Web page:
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Brian Benson, an eighth-grade student who won first place in the Life Science/Biology category for his project "Creation Wins!!!," says he disproved part of the theory of evolution. Using a rolled-up paper towel suspended between two glasses of water with Epsom Salts, the paper towel formed stalactites. He states that the theory that they take millions of years to develop is incorrect.There are so many things wrong with this, I don't know where to start. For one thing, when people talk about stalactites they are talking about things formed mainly of calcium carbonate, which is very different from epsom salts (though some epsomite stalactites do exist). Even if some artificial conditions can create something analogous to one form of stalactites, it does not say anything about others - about the ones people are referring to when they say stalactites grow at about .1 - 10 centimeters per thousand years. We can use artificial selection to breed a taller or fatter animal in much quicker time than it might show up in nature, but that doesn't disprove that such slow, natural changes happen.
More importantly, though, his experiment has nothing to do with evolution or life sciences. It addresses geology (at a middle school level, obviously, and no fault to the kid for this fact). Our understanding of evolution does suggest that large-scale changes like speciation often involve (not necessarily require) millions of years or more. So if the kid had proven that the Earth hasn't been around millions of years, he would indeed have thrown into question our current understanding of some details of evolution. But he wouldn't have demonstrated a young Earth even if he had in fact shown that stalactites can grow in less than a million years.
First off, just because you show something can happen in less than a million years doesn't mean it always happens that fast, so it can't disprove old stalactites. Furthermore, even if all stalactites grow in less than a million years, it only shows that they don't require such long time periods. It doesn't say anything about life, evolutionary changes, speciation, or the age of the Earth or universe in general. His experiment not only didn't do what he claimed (disprove evolution), but it couldn't have answered the question even if it was designed much better.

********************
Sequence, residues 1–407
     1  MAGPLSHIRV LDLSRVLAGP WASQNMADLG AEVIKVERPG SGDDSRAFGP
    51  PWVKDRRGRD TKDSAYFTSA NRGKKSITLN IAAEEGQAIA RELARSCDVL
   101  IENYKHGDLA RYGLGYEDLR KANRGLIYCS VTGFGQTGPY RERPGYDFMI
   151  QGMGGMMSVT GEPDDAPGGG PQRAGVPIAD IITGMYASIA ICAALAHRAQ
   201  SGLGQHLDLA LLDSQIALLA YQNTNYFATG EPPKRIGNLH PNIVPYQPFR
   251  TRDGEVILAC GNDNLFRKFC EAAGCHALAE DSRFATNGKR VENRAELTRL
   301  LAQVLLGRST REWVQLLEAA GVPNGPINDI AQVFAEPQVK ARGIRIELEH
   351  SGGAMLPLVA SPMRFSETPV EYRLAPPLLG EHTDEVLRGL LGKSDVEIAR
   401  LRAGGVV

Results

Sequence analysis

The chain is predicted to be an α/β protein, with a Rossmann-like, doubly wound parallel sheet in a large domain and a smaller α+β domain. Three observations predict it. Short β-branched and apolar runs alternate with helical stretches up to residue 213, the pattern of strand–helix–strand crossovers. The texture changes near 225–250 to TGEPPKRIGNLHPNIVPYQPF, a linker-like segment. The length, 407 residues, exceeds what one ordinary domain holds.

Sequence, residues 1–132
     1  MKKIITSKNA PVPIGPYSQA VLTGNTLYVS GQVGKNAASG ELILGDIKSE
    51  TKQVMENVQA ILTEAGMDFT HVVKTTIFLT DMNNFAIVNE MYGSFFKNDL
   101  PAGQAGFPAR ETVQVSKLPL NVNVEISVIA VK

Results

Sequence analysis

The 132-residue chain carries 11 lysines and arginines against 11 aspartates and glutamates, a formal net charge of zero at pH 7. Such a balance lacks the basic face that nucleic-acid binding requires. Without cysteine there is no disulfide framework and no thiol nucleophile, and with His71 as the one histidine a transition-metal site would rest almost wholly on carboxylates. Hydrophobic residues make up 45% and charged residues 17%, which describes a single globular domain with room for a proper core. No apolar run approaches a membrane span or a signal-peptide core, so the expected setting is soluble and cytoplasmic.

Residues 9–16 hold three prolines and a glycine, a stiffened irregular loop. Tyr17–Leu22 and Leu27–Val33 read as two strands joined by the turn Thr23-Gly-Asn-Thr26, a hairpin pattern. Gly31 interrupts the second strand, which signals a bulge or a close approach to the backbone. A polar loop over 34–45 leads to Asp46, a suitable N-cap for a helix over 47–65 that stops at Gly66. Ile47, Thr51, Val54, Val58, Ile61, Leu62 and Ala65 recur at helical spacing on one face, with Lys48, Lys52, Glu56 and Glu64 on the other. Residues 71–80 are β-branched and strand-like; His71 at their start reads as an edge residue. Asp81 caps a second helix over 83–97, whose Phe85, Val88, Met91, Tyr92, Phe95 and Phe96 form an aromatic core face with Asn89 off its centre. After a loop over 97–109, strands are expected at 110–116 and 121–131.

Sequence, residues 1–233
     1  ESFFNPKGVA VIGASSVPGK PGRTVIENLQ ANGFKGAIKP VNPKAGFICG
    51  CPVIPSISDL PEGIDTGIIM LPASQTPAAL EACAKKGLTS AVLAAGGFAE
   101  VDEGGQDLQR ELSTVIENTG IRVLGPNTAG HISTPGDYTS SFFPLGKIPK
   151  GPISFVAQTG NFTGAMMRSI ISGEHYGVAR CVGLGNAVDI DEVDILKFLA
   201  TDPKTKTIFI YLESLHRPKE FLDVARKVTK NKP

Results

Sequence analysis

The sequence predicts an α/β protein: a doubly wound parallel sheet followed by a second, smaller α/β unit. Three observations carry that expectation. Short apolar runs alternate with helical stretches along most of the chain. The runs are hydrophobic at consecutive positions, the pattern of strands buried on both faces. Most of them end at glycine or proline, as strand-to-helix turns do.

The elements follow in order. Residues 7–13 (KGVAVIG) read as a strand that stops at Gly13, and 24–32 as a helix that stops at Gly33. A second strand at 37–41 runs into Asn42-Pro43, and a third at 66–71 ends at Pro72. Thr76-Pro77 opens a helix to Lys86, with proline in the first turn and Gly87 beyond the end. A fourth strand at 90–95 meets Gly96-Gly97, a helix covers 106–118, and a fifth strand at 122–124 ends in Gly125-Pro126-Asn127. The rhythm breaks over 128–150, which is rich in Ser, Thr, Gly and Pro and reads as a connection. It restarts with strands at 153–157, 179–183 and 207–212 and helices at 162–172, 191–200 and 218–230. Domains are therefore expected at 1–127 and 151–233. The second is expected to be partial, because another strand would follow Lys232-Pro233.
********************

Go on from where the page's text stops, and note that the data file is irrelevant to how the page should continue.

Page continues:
Don't Blame the Kid
Now, I can't really blame the kid. He goes to a Christian school which probably explicitly teaches students anti-evolution materials. He can only work with the information he's been given. What is bothersome about this story is not that the kid did this experiment or claimed the results he did, but that he won the competition! The adults in charge, presumably those most well-versed in science, ignored the huge flaws in basic reasoning here and rewarded the kid for passing off shitty pseudo-science as good science.
If they want to believe evolution is false because it contradicts their faith - fine. If they want to use scientific arguments to question evolution or aspects of it - great! That's how science works, and evolutionary theory has held up pretty well throughout the years. But the danger here is in twisting non-scientific or pseudo-scientific arguments around and presenting them as science.
Okay, so it's just a middle school science fair in a Christian school. The kids come away with a broken understanding of science. That's too bad - it potentially puts them behind their peers in the real world - but what's the big deal really? It doesn't hurt anyone but those kids, right?
Wrong. As this article on Patrick Henry College brings to light, kids like this, who are being groomed by adults into little truth-twisting rhetoricians, can grow up to become real movers and shakers in law and government. They end up influencing policy (including science policy and funding) at the national level.
Patrick Henry is trying a complicated experiment: taking young evangelicals who have been raised in rarefied, controlled atmospheres and training them to become political leaders without somehow being corrupted by the secular world's demands-or, for that matter, moving to the middle.We should worry about things like Brian Benson's middle school science fair project because it the start of a process that can eventually affect legitimate science in very negative ways. It is an explicit attack on science by pseudoscience and we must be vigilant to try to correct the misinformation that these children are fed. We need to work to get these kids scientific information before they grow up and become too entrenched in their worldview to question the lies they've been taught since childhood.
Of the school's sixty-one graduates through the class of 2004, two have jobs in the White House; six are on the staffs of conservative members of Congress; eight are in federal agencies; and one helps Senator Rick Santorum, of Pennsylvania, and his wife, Karen, homeschool their six children. Two are at the F.B.I., and another worked for the Coalition Provisional Authority, in Iraq.